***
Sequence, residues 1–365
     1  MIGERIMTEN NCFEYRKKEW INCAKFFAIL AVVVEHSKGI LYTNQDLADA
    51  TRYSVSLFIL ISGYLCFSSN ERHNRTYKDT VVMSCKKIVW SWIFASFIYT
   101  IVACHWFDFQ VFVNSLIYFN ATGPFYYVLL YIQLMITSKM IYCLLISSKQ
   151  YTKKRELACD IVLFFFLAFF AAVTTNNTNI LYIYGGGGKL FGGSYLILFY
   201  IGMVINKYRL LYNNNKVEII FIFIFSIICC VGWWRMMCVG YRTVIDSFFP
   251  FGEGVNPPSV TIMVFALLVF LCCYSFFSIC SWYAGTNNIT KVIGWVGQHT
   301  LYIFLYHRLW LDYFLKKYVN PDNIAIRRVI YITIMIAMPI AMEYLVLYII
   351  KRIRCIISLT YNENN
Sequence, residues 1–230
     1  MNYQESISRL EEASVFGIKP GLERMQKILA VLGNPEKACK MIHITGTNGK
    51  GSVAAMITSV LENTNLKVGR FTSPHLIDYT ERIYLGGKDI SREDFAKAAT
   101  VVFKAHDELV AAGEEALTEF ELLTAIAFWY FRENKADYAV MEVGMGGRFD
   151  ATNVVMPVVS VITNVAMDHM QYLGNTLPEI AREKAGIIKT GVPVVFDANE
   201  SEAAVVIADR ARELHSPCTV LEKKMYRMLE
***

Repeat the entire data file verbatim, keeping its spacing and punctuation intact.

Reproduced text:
Sequence, residues 1–365
     1  MIGERIMTEN NCFEYRKKEW INCAKFFAIL AVVVEHSKGI LYTNQDLADA
    51  TRYSVSLFIL ISGYLCFSSN ERHNRTYKDT VVMSCKKIVW SWIFASFIYT
   101  IVACHWFDFQ VFVNSLIYFN ATGPFYYVLL YIQLMITSKM IYCLLISSKQ
   151  YTKKRELACD IVLFFFLAFF AAVTTNNTNI LYIYGGGGKL FGGSYLILFY
   201  IGMVINKYRL LYNNNKVEII FIFIFSIICC VGWWRMMCVG YRTVIDSFFP
   251  FGEGVNPPSV TIMVFALLVF LCCYSFFSIC SWYAGTNNIT KVIGWVGQHT
   301  LYIFLYHRLW LDYFLKKYVN PDNIAIRRVI YITIMIAMPI AMEYLVLYII
   351  KRIRCIISLT YNENN
Sequence, residues 1–230
     1  MNYQESISRL EEASVFGIKP GLERMQKILA VLGNPEKACK MIHITGTNGK
    51  GSVAAMITSV LENTNLKVGR FTSPHLIDYT ERIYLGGKDI SREDFAKAAT
   101  VVFKAHDELV AAGEEALTEF ELLTAIAFWY FRENKADYAV MEVGMGGRFD
   151  ATNVVMPVVS VITNVAMDHM QYLGNTLPEI AREKAGIIKT GVPVVFDANE
   201  SEAAVVIADR ARELHSPCTV LEKKMYRMLE